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  • May 15, 2017

    I find that I am fighting depression a lot of the time and it makes it impossible to do this work.

    Depression is the end point of a chain of causation. You may think that you know why you are depressed but the reason that you repeat to yourself in the thought loop at the end point of depression may be more the result of the depression rather than the cause.

    There are always completely rational reasons to be depressed but we are not always depressed. So, my point is that you need to get behind the obvious reasons you give yourself for depression states and observe the chain. Noting the beginning point is one key.

    Perhaps for you the beginning is some form of self-judgment or criticism. Perhaps there is a particular situation you are unable to respond to effectively and this failure sets you on a downward path. At the end point, you may be saying to yourself that life is not worth living but you probably did not start there. When you have reached the end point, you will probably not be able to find a reason that would make life worth living because the state of depression is sufficiently closed and lacking in energy that your thoughts are not reliable.

    It seems to me that depression is inextricably linked to expectation. It reflects an inability to accept what is. It’s a triumph of “woulda, coulda, shoulda” over the possibilities of the moment. I failed in the past and I will fail in the future. I am a failure. This is depressing, is it not?

    In our work, the method of dealing with these fixations is impartial observation of our postures, gestures and sensations. Perhaps this is not yet possible, due in large part to judgmental thinking. So, let’s start with that.

    An old business acquaintance once advised me: “Don’t let the perfect be the enemy of the good.” Many of us hold ourselves and others to a standard that cannot be met. Too many expectations. We do not accept good. Good is not good enough.

    My Buddhist teacher once said that, without respecting samsara, the world of confusion, one cannot possibly discover the awakened state of mind. Samsara is the entrance, samsara is the vehicle for nirvana. In the words of our work, my ordinary life, my sleeping life, is the means of my awakening. Therefore, Rinpoche said, one can say that a violent character is good. It is a wonderful thing, it is something positive. Although at first I may be perplexed and wonder what is good in it, if I somehow get beyond the fascination part of it, I begin to feel good; I begin to realize that I am not just a “sinner” but that there is something good in me.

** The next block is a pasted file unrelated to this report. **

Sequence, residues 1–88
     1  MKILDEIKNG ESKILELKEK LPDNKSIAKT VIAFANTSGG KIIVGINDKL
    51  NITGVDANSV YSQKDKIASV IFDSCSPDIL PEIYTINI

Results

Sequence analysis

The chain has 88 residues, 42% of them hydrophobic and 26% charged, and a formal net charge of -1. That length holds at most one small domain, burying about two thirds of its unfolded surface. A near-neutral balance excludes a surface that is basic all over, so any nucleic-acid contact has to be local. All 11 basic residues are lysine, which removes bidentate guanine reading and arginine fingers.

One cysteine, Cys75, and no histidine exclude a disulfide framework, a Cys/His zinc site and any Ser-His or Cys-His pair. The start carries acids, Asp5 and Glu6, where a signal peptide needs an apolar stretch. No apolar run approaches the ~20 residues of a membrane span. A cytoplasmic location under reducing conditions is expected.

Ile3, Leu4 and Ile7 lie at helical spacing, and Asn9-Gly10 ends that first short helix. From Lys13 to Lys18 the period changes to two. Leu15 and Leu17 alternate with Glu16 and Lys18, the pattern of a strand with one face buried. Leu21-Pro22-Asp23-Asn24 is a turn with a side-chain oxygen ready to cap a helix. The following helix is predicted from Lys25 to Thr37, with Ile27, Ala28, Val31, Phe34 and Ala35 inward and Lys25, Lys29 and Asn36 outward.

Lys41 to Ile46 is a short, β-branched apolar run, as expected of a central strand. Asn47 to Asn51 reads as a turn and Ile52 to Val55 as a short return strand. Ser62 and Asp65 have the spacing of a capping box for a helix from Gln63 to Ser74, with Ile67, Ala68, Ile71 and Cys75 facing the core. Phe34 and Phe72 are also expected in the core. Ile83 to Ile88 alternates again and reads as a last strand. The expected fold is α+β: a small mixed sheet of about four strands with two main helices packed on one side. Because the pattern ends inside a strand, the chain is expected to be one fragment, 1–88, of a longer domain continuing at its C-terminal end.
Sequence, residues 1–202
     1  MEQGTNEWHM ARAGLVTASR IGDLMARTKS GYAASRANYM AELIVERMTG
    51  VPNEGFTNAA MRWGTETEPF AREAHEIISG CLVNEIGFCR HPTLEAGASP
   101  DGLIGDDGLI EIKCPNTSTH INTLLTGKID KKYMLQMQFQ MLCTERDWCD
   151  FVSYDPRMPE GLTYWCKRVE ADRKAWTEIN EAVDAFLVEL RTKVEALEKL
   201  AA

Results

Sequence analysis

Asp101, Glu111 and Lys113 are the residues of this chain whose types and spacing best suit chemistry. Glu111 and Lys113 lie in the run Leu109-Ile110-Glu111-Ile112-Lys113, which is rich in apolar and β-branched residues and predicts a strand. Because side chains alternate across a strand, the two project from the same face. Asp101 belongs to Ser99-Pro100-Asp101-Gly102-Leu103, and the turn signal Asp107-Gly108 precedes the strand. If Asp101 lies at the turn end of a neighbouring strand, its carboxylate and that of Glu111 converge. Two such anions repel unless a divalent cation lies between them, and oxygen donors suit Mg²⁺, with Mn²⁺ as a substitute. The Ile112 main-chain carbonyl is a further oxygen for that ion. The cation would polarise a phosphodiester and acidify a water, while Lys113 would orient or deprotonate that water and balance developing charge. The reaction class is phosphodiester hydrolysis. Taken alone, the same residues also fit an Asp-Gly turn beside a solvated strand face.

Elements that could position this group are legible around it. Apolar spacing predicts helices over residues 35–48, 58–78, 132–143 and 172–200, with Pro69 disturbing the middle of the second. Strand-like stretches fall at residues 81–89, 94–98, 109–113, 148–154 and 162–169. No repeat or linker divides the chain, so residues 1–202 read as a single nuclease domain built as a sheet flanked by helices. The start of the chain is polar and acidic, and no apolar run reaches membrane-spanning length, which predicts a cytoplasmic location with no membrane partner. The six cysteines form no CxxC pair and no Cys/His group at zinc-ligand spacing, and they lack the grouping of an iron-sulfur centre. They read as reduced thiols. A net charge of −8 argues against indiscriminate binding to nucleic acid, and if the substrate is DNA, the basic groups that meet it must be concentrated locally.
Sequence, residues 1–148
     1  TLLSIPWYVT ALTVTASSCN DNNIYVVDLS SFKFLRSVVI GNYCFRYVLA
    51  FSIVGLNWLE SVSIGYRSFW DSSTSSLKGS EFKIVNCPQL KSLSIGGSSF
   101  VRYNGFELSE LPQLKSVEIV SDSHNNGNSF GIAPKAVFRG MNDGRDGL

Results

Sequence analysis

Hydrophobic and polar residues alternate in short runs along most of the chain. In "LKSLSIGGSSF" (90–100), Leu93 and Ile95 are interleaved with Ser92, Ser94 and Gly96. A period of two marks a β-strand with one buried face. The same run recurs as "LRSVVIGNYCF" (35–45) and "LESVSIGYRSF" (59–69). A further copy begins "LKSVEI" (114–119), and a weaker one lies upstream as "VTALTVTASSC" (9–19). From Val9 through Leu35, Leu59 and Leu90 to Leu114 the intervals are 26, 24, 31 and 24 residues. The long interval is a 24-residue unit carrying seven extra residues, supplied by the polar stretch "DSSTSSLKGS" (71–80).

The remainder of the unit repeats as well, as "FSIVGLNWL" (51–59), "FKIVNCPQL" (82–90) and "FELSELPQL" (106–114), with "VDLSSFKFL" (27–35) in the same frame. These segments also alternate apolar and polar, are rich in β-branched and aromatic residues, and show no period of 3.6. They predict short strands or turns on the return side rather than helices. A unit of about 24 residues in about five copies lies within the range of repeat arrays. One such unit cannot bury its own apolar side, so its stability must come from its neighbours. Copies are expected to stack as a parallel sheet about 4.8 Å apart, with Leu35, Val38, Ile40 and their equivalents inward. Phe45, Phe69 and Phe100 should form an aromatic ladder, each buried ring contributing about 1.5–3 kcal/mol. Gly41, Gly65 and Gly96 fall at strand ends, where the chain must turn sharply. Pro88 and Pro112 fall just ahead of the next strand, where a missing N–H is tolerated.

It is exactly the same thing when one practices meditation. A person may begin to detect his own weaknesses. It may be in a mild form, such as a wandering mind or planning for one’s future, but do not oppose what is occurring, accept it, see it as good, as though one were sitting precisely in order to think these things over rather than to practice meditation. Seeing it as good provides a wonderful opportunity.

    If I am meditating at home and I happen to live in the middle of a busy street, I cannot stop the traffic just because I want peace and quiet. But I can stop myself, I can accept the noise. The noise also contains silence. We must put ourselves into it and expect nothing different from outside, just as Buddha did. I must accept whatever situation arises. As long as I do not retreat from the situation, it will present itself as a vehicle I can make use of it. It says in the Buddhist scriptures: “The dharma is good in the beginning; the dharma is good in the middle; and the dharma is good at the end.” The dharma is not a vehicle for self-criticism.

    It is the same with our work. Observe what is, not to find fault or to improve upon it, but just to see it. Good will come of this.